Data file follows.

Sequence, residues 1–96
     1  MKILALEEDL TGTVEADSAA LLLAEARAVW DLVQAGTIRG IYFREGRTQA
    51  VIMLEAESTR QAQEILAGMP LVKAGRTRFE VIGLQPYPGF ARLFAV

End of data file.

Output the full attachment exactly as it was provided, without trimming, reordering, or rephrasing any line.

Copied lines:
Sequence, residues 1–96
     1  MKILALEEDL TGTVEADSAA LLLAEARAVW DLVQAGTIRG IYFREGRTQA
    51  VIMLEAESTR QAQEILAGMP LVKAGRTRFE VIGLQPYPGF ARLFAV